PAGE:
Election 2020

Ohio Dem: Party Not Realizing 'Just How Toxic' Democratic Brand Is

Rep. Tim Ryan (D-Ohio) heads to the House floor for votes on April 23, 2015. (Photo By Bill Clark/CQ Roll Call via AP Images)

The congressman who unsuccessfully challenged Minority Leader Nancy Pelosi (D-Calif.) in House leadership elections warned that in many parts of the country Pelosi is more toxic than President Trump, and that will keep hurting Dems down the ballot.

Rep. Tim Ryan (D-Ohio) got the support of 64 Dems in last November’s closed-door leadership election compared to 134 votes for Pelosi.

“We all have a lot of anger towards what Donald Trump is doing, but we’ve had four special elections, and Donald Trump, 4, Democrats, 0,” Ryan told CNN on Wednesday. “And I hate to admit that. It hurts. It’s painful, but we’ve got to get our act together because there’s a lot of people relying on us. I worry sometimes that we get so obsessed and angered by Donald Trump, which is OK, but you can’t hold on to it because it takes your eye off the ball. We’re not focusing on the economic messages.”

“People in Ohio… aren’t really talking about Russia or Michael Flynn or Putin or anything else. They’re worried about paying the bills, what’s happening with our pension, how much does it cost to send a kid to school, what’s our energy bill like — real bread-and-butter stuff,” he added. “And when we’re talking about Trump so much, you know, we’re not talking about them.”

The congressman emphasized that people in the Beltway aren’t “realizing just how toxic the Democratic Party brand is” in so much of the country.

Ryan said he thought Jon Ossoff in Georgia “was a terrific candidate” and “the energy on the ground in our party is amazing,” but “they’re not only fighting the Republican candidates, they’re also fighting the Democratic brand — and that’s a tough thing to overcome for a lot of candidates.”

“In some sense,” he said, Pelosi sums up that brand.

“As unfair as it is, there have been a lot of people that have spent a lot of money running negative ads against her. And I think that in certain areas, like in some of these special election districts, it doesn’t benefit our candidates to be tied to her. And it’s not fair, but it is true, and there’s a reason why the Republicans are still using it.”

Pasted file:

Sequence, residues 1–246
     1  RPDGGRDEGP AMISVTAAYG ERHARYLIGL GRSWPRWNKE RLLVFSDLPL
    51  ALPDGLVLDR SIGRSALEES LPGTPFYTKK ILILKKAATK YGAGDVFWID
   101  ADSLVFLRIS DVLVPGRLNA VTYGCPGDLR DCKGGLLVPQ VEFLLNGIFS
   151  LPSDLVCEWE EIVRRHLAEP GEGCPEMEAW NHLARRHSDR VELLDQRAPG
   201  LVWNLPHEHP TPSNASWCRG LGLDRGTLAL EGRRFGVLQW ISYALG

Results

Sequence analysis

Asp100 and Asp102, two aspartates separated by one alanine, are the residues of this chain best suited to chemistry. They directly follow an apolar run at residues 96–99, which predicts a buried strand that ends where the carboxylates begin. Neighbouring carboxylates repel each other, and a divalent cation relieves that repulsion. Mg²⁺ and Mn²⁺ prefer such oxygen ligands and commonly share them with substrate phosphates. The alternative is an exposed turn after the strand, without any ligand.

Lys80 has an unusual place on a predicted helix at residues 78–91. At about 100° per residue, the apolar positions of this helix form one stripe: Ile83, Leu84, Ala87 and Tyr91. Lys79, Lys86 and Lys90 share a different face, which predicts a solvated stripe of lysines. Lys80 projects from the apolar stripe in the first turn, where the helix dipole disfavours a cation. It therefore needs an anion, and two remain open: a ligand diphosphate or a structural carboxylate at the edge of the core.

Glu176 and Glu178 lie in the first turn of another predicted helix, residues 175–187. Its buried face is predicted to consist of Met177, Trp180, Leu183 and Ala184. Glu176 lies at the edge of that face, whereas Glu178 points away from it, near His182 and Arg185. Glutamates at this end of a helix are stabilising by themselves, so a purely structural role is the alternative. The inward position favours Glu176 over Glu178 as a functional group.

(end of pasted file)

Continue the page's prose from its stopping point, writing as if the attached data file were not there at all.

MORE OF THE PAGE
The Ohio Dem said a member of Congress pulled him aside that day and said, “Please tell me you’re not going to get rid of Nancy Pelosi, please tell me she’s not going to retire because that’s who I run against. She’s less popular than Donald Trump in my district.”

“I’m not here crying sour grapes because I ran and lost. It’s not about me. It’s not about Nancy Pelosi,” Ryan added. “It’s about that we have Donald Trump as president now. We’ve done something terribly wrong to make that so. And we’ve lost traditional Democratic voters that don’t see us as connecting to them, don’t see us as advocates for them.”

Ryan argued that the Democratic Party has become so focused on messages tailored toward specific communities, such as minority groups or the LGBT community, that they’re falling shot on a unifying national message.

“What’s the thing that binds all those groups together? It’s an economic message,” he said on MSNBC this morning. “…I feel like it’s those rank and file Democratic union members that voted Democrat for a generation all of the sudden said, you guys aren’t really fixing my issue for me, you know? You aren’t making my life necessarily easier. You’re not making things better. These factories in places like Youngstown, Ohio or Warren, Ohio we used to have 16,000 people, now they have 3. What have the Democrats done?”

“And that’s why Trump didn’t really run as a Republican, that’s why he pulled so many Democrats. He ran as almost anti-establishment, anti-both parties.”